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Cherry SmythClick here to Print this Page
Zineb Sedira
In MiddleSea, this melancholy estrangement is intensified as the lone man, the same actor used in Saphir takes the boat journey.

The sea becomes the antagonist here. Darkly mysterious and powerfully mesmeric, it erases boundaries and a sense of self with its immense impersonality. The man wanders through the beautifully stark symmetry of the deck, along steel corridors, past a Venetian blind blowing in the wind. The glassless windows of the ship, the deck-rails, act as poetic framing devices, suggesting that he'll spend a lifetime, always looking on, never being part of the thing itself.

The highly stylised camerawork renders twilight at the deck-rails incredibly seductive with its Minimalist tones and hard edges. The romance however is off-set by the uncanny soundtrack, composed by Mikhail Karikis, which uses intermittent sound effects to amplify the sense of being lost at sea. There is the itchy static of a radio trying to tune into a frequency in which language can't be understood, mingled with the rumbling of the engine, the trailing voices of a distant party who are never seen. The provenance of the sound is not identified, fading in and out with an eerie, unplaceable music that echoes the timelessness of sea travel and the loss of bearings. The figure stands beyond territory and identity and the soundtrack implies both the freedom and the terror of that.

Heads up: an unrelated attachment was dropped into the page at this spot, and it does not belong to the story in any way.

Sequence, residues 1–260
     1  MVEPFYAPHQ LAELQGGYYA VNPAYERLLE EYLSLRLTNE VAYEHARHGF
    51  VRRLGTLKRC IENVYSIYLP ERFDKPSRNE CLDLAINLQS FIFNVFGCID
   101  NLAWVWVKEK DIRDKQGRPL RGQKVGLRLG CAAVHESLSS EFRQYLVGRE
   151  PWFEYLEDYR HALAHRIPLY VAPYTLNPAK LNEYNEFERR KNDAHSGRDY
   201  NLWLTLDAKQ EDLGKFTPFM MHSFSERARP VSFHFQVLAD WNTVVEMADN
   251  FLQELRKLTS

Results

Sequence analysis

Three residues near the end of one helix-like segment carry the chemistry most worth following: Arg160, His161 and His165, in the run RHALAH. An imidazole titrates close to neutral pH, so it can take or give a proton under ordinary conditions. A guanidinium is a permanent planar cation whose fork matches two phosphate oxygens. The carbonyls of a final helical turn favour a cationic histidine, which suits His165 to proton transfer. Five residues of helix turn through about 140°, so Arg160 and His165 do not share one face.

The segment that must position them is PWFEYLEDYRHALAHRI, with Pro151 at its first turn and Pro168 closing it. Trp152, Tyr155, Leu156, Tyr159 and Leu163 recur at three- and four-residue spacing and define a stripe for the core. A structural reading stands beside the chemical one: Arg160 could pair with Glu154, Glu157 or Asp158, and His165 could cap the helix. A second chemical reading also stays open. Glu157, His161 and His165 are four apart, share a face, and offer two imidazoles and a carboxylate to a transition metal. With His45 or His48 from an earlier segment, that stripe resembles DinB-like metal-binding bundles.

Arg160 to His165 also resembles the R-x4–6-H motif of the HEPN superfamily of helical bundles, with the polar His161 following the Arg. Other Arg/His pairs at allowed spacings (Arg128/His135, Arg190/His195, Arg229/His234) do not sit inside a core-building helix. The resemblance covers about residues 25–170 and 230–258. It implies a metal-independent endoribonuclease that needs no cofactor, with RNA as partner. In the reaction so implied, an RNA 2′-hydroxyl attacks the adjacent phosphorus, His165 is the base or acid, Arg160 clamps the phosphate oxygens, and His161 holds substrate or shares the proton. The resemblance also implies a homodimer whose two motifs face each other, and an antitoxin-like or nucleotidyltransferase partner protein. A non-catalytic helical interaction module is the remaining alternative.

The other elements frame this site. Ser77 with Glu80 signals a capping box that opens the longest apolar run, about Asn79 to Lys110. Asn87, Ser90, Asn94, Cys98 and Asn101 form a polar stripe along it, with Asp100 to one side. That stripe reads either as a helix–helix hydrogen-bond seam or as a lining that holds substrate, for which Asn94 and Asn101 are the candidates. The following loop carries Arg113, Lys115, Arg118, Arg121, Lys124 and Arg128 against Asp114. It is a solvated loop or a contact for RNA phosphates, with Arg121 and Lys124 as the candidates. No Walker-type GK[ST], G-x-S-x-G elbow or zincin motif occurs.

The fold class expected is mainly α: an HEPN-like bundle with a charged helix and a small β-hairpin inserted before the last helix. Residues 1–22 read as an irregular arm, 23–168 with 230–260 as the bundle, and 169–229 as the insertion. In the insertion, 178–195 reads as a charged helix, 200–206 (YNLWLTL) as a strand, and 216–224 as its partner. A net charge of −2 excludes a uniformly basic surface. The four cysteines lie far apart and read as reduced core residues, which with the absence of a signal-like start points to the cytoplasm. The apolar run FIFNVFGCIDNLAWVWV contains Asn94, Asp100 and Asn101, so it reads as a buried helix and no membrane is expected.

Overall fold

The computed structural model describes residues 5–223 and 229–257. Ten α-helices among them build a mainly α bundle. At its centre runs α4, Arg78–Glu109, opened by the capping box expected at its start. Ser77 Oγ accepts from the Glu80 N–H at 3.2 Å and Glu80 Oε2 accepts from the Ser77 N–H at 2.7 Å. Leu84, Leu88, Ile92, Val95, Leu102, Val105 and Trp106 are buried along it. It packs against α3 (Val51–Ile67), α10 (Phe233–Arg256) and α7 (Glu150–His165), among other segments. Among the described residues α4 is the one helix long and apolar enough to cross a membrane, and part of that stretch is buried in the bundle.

The journey not only re-imagines Sedira's and her family's many journeys to and from France, and from immigrant to citizen, but also the metaphorical journeys an artist makes towards maturity, autonomy and creating a distinct voice. It's not until the ship's hull is reflected in a glass building at an unspecified harbour that we learn that the ship is from, and perhaps returning to, Algiers. The juddering rope is pulled taut to the mooring. Then the passenger, standing ashore, is shown loosening it from the mooring again. The rope slips slowly out of shot, as though it and the ship itself are no longer needed.

This quiet ending implies that Sedira has completed a journey to end all journeys, and found a kind of resolution in the act of coming to rest, 'coming home' in film itself. There's an acceptance of the pleasures of absence, the fuel of nostalgia and the joy of arrival. It is this moving perspective on destiny and longing that sings most eloquently from Sedira's films shot in Algeria. The act of gentle relinquishment suggests another vital hinge on which the artist's next body of work may, once again, turn.

Cherry Smyth, 2008
Middle Sea, video still, 2008
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